For one, he has a lot more free time without any classes to attend. At the same time, a professional schedule is much more of a grind than an NCAA schedule with longer road trips and weeks with up to four games.

Friday's home game against Grand Rapids was Iowa's eighth game in a 14-day span, including five on the road.

"Playing all those games is fun," Soucy said. "You don't have to practice as much. We get out here, we practice, we do our work for about 45 minutes. Ultimately you are getting ready for those games and you want to perform in those games as much as you can."

Lalonde said Soucy has made a huge impact thus far in Iowa, which is making a push toward its first playoff berth since the AHL franchise moved from Houston to Des Moines in 2013, when it also changed its name from the Aeros to Wild. Going into Friday's game, Iowa was second in the Central Division and third in the Western Conference.

Iowa was last in its division during its first three seasons in Des Moines with the worst record in the AHL the two seasons prior to Lalonde's arrival. Iowa had its first winning season in Des Moines a year ago with former Bulldogs goaltender Alex Stalock — now with the NHL's Wild — backstopping the team to a 36-31-7 mark.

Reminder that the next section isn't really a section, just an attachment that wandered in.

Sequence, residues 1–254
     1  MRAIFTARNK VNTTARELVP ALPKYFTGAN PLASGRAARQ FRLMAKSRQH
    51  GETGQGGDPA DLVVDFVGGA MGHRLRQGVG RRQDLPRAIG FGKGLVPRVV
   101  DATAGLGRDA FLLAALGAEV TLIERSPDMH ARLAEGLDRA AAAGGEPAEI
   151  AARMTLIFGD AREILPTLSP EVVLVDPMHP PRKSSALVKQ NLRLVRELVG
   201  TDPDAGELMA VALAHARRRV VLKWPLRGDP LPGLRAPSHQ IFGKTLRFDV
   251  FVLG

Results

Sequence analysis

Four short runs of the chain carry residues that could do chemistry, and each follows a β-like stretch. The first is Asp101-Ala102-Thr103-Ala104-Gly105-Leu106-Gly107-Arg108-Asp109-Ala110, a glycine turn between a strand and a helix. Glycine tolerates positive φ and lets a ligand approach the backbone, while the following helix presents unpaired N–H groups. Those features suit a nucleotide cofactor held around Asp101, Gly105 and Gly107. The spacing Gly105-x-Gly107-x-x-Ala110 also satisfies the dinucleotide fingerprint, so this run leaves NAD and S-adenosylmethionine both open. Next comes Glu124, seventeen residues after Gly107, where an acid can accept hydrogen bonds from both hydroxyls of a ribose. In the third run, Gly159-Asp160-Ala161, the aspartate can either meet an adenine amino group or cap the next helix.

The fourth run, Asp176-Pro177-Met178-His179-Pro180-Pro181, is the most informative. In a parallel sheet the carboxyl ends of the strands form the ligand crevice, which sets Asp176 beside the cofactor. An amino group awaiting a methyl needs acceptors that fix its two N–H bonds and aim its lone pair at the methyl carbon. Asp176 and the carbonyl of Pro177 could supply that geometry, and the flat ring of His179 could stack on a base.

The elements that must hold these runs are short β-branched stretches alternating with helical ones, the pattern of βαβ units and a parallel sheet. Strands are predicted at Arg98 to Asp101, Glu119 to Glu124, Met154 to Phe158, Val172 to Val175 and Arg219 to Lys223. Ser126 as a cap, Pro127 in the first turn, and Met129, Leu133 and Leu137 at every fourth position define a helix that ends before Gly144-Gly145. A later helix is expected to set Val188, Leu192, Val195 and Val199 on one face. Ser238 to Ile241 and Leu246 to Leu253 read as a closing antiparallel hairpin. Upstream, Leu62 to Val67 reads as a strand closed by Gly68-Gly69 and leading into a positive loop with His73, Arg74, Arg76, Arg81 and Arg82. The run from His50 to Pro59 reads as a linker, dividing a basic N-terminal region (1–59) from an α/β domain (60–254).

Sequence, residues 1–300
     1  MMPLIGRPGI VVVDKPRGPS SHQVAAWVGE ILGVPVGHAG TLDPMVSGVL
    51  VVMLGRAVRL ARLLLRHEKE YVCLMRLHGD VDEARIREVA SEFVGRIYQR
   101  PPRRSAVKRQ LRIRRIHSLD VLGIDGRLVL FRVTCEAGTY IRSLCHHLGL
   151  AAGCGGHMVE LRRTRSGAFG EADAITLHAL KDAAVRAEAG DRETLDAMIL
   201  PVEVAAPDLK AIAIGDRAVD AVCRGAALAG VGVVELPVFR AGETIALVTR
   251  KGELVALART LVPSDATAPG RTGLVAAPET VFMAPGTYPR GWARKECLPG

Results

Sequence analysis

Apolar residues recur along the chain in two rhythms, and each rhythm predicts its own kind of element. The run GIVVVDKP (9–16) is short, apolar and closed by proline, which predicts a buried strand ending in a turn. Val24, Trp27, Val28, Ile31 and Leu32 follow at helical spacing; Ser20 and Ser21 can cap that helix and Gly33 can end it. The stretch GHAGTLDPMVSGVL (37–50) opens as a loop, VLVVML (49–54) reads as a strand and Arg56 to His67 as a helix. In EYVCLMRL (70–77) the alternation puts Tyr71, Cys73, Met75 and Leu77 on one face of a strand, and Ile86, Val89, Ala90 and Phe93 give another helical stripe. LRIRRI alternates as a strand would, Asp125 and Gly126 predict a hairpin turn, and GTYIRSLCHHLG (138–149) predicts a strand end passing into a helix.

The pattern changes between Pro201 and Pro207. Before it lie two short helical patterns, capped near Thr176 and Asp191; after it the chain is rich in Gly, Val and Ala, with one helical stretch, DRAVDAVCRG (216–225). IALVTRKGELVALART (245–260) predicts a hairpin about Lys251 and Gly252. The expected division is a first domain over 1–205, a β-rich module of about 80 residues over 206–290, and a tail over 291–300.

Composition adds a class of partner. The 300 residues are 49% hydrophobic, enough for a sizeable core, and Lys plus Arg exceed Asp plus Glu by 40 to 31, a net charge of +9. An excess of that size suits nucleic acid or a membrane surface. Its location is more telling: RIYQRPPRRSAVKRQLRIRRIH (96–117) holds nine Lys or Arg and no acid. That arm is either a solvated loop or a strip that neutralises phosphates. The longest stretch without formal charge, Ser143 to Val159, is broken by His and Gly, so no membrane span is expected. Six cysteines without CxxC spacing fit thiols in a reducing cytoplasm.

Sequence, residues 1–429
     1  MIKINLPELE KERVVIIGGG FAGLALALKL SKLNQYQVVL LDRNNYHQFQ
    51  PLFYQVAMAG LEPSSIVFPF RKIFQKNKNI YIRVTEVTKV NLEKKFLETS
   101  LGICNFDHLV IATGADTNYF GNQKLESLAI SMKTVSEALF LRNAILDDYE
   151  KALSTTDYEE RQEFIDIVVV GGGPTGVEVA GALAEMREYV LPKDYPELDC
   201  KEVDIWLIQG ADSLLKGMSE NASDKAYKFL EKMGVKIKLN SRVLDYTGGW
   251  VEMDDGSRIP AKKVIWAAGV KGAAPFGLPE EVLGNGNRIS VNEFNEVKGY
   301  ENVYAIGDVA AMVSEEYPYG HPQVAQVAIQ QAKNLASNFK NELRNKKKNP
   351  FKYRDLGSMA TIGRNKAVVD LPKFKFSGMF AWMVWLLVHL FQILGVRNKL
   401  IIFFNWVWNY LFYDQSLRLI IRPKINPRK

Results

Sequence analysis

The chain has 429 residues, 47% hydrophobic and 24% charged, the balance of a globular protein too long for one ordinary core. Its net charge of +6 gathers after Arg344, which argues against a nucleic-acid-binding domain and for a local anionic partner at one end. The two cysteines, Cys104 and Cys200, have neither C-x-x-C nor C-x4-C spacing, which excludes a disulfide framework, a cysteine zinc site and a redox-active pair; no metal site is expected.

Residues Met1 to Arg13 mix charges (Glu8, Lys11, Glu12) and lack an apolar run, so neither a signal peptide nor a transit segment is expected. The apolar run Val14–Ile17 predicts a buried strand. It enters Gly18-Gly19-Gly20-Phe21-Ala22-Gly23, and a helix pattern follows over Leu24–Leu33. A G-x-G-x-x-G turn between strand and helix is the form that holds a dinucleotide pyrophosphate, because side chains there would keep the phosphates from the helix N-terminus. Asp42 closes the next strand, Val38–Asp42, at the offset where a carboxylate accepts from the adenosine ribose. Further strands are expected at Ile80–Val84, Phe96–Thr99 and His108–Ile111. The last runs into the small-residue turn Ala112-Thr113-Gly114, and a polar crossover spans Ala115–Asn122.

Lalonde said Soucy would have been one of the top defensemen on that team and on the first penalty-kill unit, too, had he left college early.

But Lalonde is well aware of what four years in college can do for a player. He was an NCAA assistant for eight seasons, helping Ferris State win a Central Collegiate Hockey Association title and Denver win two WCHA crowns.

Lalonde said that senior season in Duluth was valuable for Soucy, who battled through injuries to play in a Frozen Four.

"The development through those four years and working with UMD has helped my game tremendously," Soucy said. "It was an honor to play there. I definitely don't regret going back for that fourth year. That extra development helped."

UMD men's alumni in the pros

NHL

J.T. Brown (2010-12), Tampa Bay Lightning

Justin Faulk (2010-11), Carolina Hurricanes

Alex Iafallo (2013-17), Los Angeles Kings

Matt Niskanen (2005-07), Washington Capitals

Alex Stalock (2006-09), Minnesota Wild

Andy Welinski (2012-16), Anaheim Ducks

AHL

Tony Cameranesi (2012-16), Utica Comets

Chris Casto (2011-13), Chicago Wolves

Willie Corrin (2012-2016), Laval Rocket

Jason Garrison (2005-08), Chicago Wolves

Caleb Herbert (2011-14), Hartford Wolf Pack

Adam Johnson (2015-17), Wilkes-Barre/Scranton Penguins

Kasimir Kaskisuo (2014-16), Chicago Wolves

Adam Krause (2011-15), Rochester Americans

Hunter Miska (2016-17), Tucson Roadrunners

Dylan Olsen (2009-11), Binghamton Devils

Neal Pionk (2015-17), Hartford Wolfpack

Dominic Toninato (2013-17), San Antonio Rampage

Carson Soucy (2013-17), Iowa Wild

Matt Wellens

College hockey reporter for the Duluth News Tribune covering the Minnesota Duluth Bulldogs men's and women's teams, as well as the NCAA Division III programs at St. Scholastica and Wisconsin-Superior.

(218) 723-5317